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Ayesha At Last (2018)

de Uzma Jalaluddin

MembresRessenyesPopularitatValoració mitjanaMencions
4694243,309 (3.81)38
As seen on The Today Show! One of the best summer romance picks! One of Publishers Weekly Best Romance Books of 2019! A modern-day Muslim Pride and Prejudice for a new generation of love. Ayesha Shamsi has a lot going on. Her dreams of being a poet have been set aside for a teaching job so she can pay off her debts to her wealthy uncle. She lives with her boisterous Muslim family and is always being reminded that her flighty younger cousin, Hafsa, is close to rejecting her one hundredth marriage proposal. Though Ayesha is lonely, she doesn't want an arranged marriage. Then she meets Khalid, who is just as smart and handsome as he is conservative and judgmental. She is irritatingly attracted to someone who looks down on her choices and who dresses like he belongs in the seventh century. When a surprise engagement is announced between Khalid and Hafsa, Ayesha is torn between how she feels about the straightforward Khalid and the unsettling new gossip she hears about his family. Looking into the rumors, she finds she has to deal with not only what she discovers about Khalid, but also the truth she realizes about herself.… (més)
  1. 30
    Unmarriageable de Soniah Kamal (cbl_tn)
    cbl_tn: Both books are inspired by Austen's Pride & Prejudice and are set in Muslim communities.
  2. 20
    Madras on Rainy Days de Samina Ali (avaland)
    avaland: This is NOT a romantic comedy, for those who wish to read a bit deeper on a similar subject, this is an excellent story about a 2nd generation Indian-American Muslim who reluctantly submits to her parents' wish for her to leave the US and accept an arranged marriage.… (més)
  3. 10
    Orgull i prejudici de Jane Austen (cbl_tn)
    cbl_tn: This novel was inspired by Austen's Pride and Prejudice, although it's not a strict retelling.
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» Mira també 38 mencions

Es mostren 1-5 de 42 (següent | mostra-les totes)
It took me a little while to get into Ayesha at Last – at the beginning I thought it was going to be another run-of-the-mill romance and as y’all know… that is not my genre. The deeper I got into the book the more I came to enjoy it. In particular, I really liked Ayesha herself.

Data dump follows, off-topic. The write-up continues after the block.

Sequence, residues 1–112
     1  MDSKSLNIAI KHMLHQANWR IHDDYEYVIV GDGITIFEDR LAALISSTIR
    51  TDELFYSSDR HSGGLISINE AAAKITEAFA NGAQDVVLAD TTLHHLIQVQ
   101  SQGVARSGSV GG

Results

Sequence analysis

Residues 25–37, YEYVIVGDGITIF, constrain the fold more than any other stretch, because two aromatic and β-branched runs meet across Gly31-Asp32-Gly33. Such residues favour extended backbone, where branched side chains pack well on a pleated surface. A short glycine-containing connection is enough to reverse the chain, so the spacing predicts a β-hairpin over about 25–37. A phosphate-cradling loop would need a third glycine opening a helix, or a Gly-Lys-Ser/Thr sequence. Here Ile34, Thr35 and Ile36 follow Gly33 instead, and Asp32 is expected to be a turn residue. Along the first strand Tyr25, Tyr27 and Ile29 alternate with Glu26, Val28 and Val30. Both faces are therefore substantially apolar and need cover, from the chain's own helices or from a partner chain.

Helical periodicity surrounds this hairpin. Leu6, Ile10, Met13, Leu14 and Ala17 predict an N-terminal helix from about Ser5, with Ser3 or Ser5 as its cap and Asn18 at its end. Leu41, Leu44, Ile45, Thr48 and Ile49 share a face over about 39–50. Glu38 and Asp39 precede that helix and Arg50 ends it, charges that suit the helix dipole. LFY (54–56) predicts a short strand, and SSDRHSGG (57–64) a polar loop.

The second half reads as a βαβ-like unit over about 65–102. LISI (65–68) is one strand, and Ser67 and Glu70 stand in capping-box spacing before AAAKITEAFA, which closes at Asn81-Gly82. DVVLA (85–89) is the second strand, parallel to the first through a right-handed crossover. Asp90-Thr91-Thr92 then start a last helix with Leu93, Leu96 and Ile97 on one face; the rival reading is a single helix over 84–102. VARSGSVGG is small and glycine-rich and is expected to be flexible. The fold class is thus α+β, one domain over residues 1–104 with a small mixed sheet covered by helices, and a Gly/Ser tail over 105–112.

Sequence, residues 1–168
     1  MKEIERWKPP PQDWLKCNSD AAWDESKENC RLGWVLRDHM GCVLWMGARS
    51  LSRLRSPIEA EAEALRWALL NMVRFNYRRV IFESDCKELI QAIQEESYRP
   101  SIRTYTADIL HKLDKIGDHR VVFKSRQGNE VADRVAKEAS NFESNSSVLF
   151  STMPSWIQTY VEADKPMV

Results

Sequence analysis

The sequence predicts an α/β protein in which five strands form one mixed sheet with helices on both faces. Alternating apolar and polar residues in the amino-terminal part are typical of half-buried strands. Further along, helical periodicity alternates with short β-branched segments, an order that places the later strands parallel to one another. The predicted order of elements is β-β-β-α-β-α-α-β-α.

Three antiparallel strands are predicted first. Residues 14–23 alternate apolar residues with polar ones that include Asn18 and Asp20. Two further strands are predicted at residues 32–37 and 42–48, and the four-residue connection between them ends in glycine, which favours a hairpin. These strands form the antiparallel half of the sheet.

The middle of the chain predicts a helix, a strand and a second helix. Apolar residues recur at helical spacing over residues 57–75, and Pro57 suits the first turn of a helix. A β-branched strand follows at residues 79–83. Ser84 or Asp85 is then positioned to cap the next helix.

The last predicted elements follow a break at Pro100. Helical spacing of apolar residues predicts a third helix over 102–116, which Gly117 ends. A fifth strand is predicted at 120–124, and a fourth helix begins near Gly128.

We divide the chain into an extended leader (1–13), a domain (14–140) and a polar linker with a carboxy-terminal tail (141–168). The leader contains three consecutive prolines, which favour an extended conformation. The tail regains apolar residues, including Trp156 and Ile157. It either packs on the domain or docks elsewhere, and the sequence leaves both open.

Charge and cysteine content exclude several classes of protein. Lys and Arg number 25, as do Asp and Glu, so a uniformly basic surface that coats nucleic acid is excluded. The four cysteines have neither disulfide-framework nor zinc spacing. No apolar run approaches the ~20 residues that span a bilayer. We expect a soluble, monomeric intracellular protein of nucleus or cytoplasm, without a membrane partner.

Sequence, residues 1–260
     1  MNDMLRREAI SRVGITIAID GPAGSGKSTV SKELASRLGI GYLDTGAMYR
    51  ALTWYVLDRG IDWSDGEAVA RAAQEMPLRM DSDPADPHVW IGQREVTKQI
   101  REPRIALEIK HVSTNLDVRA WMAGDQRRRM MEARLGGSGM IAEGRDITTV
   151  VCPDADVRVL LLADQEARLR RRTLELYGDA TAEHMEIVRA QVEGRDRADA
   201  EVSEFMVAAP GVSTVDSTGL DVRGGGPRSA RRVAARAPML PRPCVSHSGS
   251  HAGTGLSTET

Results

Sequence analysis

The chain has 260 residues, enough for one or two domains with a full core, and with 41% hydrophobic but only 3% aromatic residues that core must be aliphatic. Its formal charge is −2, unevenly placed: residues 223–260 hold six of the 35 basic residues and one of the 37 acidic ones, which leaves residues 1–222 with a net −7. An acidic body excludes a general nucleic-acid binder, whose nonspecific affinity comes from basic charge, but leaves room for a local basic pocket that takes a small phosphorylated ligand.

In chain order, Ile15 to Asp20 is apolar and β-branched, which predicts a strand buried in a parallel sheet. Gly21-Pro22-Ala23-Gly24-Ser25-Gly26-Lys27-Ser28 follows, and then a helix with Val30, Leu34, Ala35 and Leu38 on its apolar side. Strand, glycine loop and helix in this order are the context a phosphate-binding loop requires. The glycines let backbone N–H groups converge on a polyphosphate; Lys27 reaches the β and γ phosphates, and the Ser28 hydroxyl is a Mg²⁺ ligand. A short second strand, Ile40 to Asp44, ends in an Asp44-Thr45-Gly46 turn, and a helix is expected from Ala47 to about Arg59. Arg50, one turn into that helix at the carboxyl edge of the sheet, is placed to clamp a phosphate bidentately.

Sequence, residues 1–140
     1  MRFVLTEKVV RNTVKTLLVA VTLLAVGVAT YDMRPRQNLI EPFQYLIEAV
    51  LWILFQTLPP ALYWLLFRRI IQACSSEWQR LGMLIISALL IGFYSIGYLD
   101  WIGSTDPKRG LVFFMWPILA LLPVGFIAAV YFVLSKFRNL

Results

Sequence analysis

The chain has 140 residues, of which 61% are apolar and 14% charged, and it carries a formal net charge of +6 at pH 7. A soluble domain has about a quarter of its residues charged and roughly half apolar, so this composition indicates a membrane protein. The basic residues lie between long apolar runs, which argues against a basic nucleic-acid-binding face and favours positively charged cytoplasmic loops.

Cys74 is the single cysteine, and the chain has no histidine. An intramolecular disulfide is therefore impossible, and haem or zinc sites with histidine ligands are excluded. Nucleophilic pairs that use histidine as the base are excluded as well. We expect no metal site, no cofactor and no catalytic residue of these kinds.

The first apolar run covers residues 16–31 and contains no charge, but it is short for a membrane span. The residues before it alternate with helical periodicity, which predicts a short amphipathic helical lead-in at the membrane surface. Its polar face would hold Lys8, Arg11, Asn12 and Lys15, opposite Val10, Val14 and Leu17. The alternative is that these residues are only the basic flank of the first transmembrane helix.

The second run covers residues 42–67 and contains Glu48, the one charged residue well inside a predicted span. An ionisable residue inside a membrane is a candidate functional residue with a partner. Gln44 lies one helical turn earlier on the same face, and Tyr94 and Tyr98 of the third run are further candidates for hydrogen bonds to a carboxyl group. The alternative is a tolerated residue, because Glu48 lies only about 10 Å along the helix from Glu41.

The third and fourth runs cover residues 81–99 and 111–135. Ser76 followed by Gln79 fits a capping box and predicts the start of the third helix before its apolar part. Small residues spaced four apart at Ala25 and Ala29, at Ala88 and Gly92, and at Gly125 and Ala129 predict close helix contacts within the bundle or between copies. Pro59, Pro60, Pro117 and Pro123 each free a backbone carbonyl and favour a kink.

If I’m going to read romance, this is how I like it. Ayesha at Last is down-to-Earth and doesn’t shy away from the ugliness of racism. There are a lot of shades of the Muslim faith in this book, and as someone who had very little knowledge on both the Muslim faith and Indian traditions, I really enjoyed the nuances to the world building. I also enjoyed the socio-economic differences between characters that added even more variety to the complex line-up.

Ayesha at Last is a Pride and Prejudice retelling, but I’ll tell you right upfront that you can be completely unfamiliar with Pride and Prejudice and still enjoy the novel. If anything, this story reminds me of elements of Shakespearean comedies… a similarity that was undoubtedly intentional considering how often the Bard was quoted. In addition, mistaken identities always remind me of Shakespeare. 🙂 Yet more nuances to this book I enjoyed! Also Ayesha’s grandparents are purely precious.

All the family relationships were really interesting, and all very different! From role models to benefactors to babysitting to unequal balances of power, there’s a wide variety of connections between characters which adds to the richness of the story. Aside from Ayesha and her grandparents, I also really liked Khalid’s relationship with his sister. The importance (and frustration!) of family comes through really well.

I thought Jalaluddin’s writing was fantastic. While Ayesha at Last may not be a book I run out to the bookstore to get (once is enough for most romances, in my opinion), this skill that went into writing this book proves that Jalaluddin is skilled at her craft. I’ll definitely pick up more books by this author. In addition to that, Ayesha at Last is an easy recommendation that I’d give to most the readers I know in real life!

If you’re looking for a desi romance with frequent, adorable confusion and occasional dramatic gestures, then Ayesha at Last is certainly for you. The minor revenge side plot and the beautifully described wedding are just bonuses after that. I definitely recommend reading this one – by the end, you’ll be cozy and smiling. ( )
  Morteana | Sep 11, 2021 |
audio fiction (11 hours) - Muslim Canadians finding love, dealing with an Islamophobic boss, and sorting out complicated messes with a healthy dose of Shakespearean drama.

Truly impressive debut with a little bit of everything with plenty of substance for those who want more than your typical love story; as soon as I finished I got on the waiting list for Hana Khan Carries On ( )
  reader1009 | Sep 9, 2021 |
More of a 3.5.

This has been a year for desi P&P retellings, so I was very excited when the US release date for this book was announced and I also managed to get the ARC. I had heard a lot of good things about it, but I kept my expectations normal because I feel P&P doesn’t always translate to contemporaries very well and I didn’t wanna be totally disappointed. So I’m quite happy to report that I had fun reading this book.